SPELLING AND SPELLING REFORM.
Mr. Bruce Balden suggests that English spelling is consistent when it comes to Latin and Greek words, while it is the Germanic core vocabulary (about 1000 words) that gives us grief. He adds that since words like mother are learned early by both native speakers and foreigners, people often stop noticing the oddity of their spelling. This generalization may be partly true, except that the Germanic core vocabulary contains more than 1000 words. However, the spelling of many words borrowed from French should, in my opinion, be Anglicized and simplified. British Engl. colour and cheque have lost none of their value after they became color and check in America. Chagrin and commerce would probably also survive as shagrin and comerse (komers?), while address, with its two d’s and two s’s, is downright silly. And what a blessing it would be to forget about believe and receive alongside Germanic leaf and sieve!
SEPARATE WORDS. Arctic.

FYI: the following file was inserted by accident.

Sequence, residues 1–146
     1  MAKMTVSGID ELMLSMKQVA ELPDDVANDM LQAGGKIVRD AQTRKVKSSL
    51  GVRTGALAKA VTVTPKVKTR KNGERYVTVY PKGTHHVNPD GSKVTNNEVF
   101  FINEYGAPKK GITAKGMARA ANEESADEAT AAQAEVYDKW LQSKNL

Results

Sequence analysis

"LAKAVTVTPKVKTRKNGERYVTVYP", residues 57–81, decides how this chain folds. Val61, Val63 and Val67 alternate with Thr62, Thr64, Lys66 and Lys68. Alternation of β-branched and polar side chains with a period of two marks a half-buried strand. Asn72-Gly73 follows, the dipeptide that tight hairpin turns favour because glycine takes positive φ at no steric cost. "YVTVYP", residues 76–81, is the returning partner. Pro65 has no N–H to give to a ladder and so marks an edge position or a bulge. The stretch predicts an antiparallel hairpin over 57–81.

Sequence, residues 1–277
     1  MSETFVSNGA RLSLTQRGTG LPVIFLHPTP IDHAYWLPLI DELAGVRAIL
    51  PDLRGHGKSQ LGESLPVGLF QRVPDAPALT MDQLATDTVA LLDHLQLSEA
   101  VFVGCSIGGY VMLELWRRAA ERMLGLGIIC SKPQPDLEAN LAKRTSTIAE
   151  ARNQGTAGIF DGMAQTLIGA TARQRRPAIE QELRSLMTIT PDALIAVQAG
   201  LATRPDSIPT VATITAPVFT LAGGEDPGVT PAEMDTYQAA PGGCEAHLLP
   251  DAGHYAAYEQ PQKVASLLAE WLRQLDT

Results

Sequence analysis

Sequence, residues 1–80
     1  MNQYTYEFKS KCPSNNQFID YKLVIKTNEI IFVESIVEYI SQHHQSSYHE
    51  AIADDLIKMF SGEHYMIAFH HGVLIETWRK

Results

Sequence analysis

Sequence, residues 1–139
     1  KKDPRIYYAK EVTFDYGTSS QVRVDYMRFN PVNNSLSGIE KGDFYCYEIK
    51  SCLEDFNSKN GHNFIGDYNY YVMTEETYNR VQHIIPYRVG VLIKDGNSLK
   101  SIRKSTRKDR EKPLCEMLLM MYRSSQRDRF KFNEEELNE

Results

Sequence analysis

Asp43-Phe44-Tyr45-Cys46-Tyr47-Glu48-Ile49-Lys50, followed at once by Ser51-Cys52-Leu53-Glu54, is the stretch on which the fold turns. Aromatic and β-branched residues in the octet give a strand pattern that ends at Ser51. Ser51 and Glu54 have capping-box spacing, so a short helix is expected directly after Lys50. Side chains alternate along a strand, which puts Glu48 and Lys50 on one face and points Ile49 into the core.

Why do so many people pronounce this word as Ar-tic? I think the reason should be looked for in phonetics. The final phase of a consonant like p and k (the explosion, or the release) is often suppressed by the initial phase of the following t. Foreign students of British English are taught to pronounce act and apt without releasing the air in c (that is, k) and p. In American English, this rule usually does not obtain, and one can hear all three phases of k and p, but sometimes the “British” rule seems to retaliate, and, apparently, this happens in Arctic, in which c (k) passes into t in such a way that it is nearly inaudible. Perhaps some of our readers have a better explanation and will supply more data about the pronunciation of this word in different parts of the English speaking world. Holy and its dead synonym. Proto-Germanic had two adjectives: wihaz “consecrated” and hailagaz, probably “sacred, inviolable.” Reflexes of wihaz continued into most Germanic languages and together with reflexes of hailagaz are in some form extant today: compare German heilig “holy” and the first element of Weihnachten “Christmas” (literally, “holy night”; an ossified dative plural). The main exception is fourth-century Gothic, in which hailag- does not occur (something made Wulfila, the translator of the Gothic Bible, avoid it). The question I received is: “Where is the reflex of wihaz in English and how would it have sounded if it had been preserved?” For some reason, this adjective did not turn up even in Old English, though it has been recorded with final h and final g (wih- ~ weoh- and wig-) as the first element of compounds. We have no way of accounting for the absence of the independent adjective wih ~ weoh, but its absence is hardly fortuitous. If wih had existed and stayed in the language, it would, most likely, have been spelled wye and become a homophone of why (without an h).